Feeling too hot this summer? Why not download something cool?

What if you could download heat and cold via the internet? Not just a weather forecast, but the actual ability to feel the warmth of summer or the chill of a winter wind? Michael Björn believes we might be about to enter an era of personalized and digitally controlled microclimates.

Feeling too hot this summer

Head of Research Agenda and Quality at Consumer & IndustryLab

Head of Research Agenda and Quality at Consumer & IndustryLab

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Here is a prediction. Summer this year will be very hot. I’m basing this on the fact that we just had the hottest May since global statistic started to be collected in 1980. Oh, and April this year was the hottest April on record (although April 2016 was just as hot). As if that wasn’t enough, the 2020s are projected to be the hottest decade ever.

This may sound counterintuitive given that the global lockdown following on the heels of the Covid-19 pandemic has massively reduced carbon dioxide emissions. Unfortunately, we are still emitting CO2, albeit on a lower level, meaning that the concentration keeps going up. In fact, we reached an average of 417 parts per million in May. Not only is this the highest level in human history – indications are that this is the highest level during the last three million years.

Heat people not places

So, the heat is on – and so are the air conditioners. In fact, air conditioners are becoming almost as common as smart phones. But the more we use them, the hotter it gets, since they draw a lot of power. In fact, they already represent 10 percent of all global electricity consumption and are set to take up almost 13 percent of global energy use spread over a projected 5.6 billion devices by the middle of this century.

An inherent weakness with air conditioners is that they cool down places, not people. Sometimes that might be a good thing, but quite often, it means that all the cold you’ve generated not only hurts the climate, but your wallet too.

When you leave your room, your house, or even your car, all that pleasant cool air you have paid so dearly for will just sit there and slowly evaporate for no good use at all. And according to Murphy’s Law, temperatures will have reached their peak just moments before you are back again, forcing you to cool everything all the way down again.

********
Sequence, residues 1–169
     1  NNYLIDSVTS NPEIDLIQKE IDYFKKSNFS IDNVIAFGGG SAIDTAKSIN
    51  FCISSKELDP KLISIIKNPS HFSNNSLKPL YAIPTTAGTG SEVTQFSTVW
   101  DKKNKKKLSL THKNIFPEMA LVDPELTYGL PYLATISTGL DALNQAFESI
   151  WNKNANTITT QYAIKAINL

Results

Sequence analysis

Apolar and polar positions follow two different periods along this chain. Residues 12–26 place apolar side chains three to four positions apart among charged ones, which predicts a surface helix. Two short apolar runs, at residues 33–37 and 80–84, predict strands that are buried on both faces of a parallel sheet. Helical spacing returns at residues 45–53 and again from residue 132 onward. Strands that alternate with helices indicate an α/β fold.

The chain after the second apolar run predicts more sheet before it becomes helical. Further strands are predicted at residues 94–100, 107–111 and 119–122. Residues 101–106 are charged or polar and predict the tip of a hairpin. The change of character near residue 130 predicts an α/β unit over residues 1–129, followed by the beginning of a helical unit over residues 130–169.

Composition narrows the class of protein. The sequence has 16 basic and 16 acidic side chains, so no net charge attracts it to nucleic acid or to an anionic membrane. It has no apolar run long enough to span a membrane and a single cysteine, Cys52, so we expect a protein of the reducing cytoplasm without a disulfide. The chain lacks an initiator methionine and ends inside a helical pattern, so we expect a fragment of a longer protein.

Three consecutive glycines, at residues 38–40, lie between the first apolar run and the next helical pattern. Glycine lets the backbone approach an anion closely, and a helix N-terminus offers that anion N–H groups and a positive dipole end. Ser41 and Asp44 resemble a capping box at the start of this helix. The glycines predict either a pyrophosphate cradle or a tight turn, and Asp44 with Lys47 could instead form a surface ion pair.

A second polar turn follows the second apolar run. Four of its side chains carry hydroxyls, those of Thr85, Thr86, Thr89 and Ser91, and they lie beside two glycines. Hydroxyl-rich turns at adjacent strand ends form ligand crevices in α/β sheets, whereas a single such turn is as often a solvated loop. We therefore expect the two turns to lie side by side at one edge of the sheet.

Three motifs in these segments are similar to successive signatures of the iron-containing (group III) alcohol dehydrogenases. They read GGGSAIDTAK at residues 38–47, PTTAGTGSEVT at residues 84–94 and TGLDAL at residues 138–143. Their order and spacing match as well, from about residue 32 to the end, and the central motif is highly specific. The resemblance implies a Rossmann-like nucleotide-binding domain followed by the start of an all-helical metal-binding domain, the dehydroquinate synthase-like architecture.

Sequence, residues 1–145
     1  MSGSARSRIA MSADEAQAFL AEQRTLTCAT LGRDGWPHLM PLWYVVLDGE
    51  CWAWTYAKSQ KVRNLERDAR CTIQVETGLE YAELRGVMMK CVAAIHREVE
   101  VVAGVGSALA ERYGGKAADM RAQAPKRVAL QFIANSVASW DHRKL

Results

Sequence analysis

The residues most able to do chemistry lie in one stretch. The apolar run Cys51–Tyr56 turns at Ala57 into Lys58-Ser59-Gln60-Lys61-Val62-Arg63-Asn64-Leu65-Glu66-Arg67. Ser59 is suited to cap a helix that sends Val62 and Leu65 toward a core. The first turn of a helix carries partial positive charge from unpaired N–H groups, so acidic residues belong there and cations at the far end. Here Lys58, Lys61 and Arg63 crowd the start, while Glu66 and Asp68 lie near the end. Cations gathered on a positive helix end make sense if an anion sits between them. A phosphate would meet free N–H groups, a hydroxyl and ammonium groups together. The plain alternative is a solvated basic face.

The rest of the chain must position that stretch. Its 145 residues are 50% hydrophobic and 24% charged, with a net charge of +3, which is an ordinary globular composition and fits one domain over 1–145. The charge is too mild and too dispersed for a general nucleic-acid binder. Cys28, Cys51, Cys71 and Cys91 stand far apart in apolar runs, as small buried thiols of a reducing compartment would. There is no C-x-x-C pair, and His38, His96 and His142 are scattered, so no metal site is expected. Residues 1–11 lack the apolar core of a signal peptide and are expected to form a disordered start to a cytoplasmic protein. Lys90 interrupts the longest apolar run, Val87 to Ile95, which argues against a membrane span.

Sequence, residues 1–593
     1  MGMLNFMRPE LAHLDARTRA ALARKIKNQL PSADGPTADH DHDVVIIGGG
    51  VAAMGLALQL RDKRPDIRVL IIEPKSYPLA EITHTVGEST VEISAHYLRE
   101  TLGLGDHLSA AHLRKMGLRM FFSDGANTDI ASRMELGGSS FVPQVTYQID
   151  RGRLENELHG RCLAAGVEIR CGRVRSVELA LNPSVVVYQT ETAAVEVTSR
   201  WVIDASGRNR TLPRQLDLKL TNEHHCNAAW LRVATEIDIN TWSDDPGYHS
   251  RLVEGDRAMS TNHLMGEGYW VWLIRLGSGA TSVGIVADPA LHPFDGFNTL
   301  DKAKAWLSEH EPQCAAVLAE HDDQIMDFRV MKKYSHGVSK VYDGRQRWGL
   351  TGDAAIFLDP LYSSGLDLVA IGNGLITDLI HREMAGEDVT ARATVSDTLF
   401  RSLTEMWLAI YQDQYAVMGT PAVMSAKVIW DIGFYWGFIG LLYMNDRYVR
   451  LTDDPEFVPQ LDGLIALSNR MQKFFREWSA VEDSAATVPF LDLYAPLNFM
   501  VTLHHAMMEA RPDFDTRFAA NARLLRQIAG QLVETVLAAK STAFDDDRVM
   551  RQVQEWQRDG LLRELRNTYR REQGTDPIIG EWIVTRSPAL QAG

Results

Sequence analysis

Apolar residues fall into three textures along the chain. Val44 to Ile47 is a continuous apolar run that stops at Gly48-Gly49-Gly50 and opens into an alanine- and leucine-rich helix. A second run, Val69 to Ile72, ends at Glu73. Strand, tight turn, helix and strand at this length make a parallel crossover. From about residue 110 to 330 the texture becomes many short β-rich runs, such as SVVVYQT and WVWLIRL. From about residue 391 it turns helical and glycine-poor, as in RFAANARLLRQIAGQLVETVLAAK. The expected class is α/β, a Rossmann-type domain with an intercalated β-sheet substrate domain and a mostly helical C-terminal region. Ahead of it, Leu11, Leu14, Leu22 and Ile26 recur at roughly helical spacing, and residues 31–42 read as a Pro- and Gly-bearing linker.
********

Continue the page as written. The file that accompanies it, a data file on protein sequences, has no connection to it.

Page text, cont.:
So, in many cases, it would be better if the cold could be focused directly on me as a person, and not wasted on places.

Michael Björn, Head of Research Agenda and Quality at Consumer & IndustryLab, talks to Christine Luby, Head of Social Media at Ericsson, about the possibilities of the Internet of Senses.


The emergence of wearable microclimates?

In our research relating to the Internet of Senses, as many as 69 percent of early adopters of consumer tech expected to see the emergence of wearable devices that could make them feel cool when it’s hot outside to be available by 2030.

But sometimes, truth is stranger than fiction. Sony has already successfully crowdfunded a wearable air conditioner. Their surprisingly small device fits in a specially designed pocket between your shoulder blades and can cool you by up to 13 degrees Celsius with a battery that lasts a whole day and should allegedly already be shipping to backers. Cool, indeed!

But what if you could also transmit cold via the internet? 47 percent of respondents in our study expected that to be doable by 2030.

The Internet of Senses could make it happen within the next 10 years

Are you ready to feel cool? The Internet of Senses could make it happen within the next 10 years.


It turns out, this is already being tested in a research project at the University of Chicago, where odorless chemicals that stimulate nerves in people’s noses, to create feelings of being hot and cold, can be emitted via a VR headset. These feelings are then enhanced using other sensory experiences, such as visuals of a snowy landscape and the sound of a cold wind.

This could obviously be enhanced even further by adding micro-coolers to your VR headset to simulate cold wind, or a cold mist on your face; or even to spray the actual smell of cold, that ozone tinged freshness, that is so familiar at least to Scandinavians like me.

Respondents in our study also believed they will be able to feel things beyond their human senses; 59 percent foresee wearables by 2030 that let us feel the oncoming weather, including heat waves. That would give them ample time to tune in to their virtually air-conditioned personal spaces.

Imagine if all you needed to keep cool on an exceedingly hot summer day was to log on to the internet with all your senses!

Learn more

Explore our 10 Hot Consumer Trends 2030 report to find out how the internet of senses is shaping consumer expectations.

Browse our other ConsumerLab reports that cover the future of technology.

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